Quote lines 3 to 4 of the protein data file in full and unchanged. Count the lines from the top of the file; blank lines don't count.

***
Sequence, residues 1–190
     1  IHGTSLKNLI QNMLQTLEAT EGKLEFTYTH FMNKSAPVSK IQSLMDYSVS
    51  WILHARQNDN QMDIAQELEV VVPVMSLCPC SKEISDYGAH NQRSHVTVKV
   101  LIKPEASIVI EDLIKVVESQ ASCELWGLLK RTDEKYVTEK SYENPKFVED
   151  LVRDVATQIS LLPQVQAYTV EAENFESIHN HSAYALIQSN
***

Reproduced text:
    51  WILHARQNDN QMDIAQELEV VVPVMSLCPC SKEISDYGAH NQRSHVTVKV
   101  LIKPEASIVI EDLIKVVESQ ASCELWGLLK RTDEKYVTEK SYENPKFVED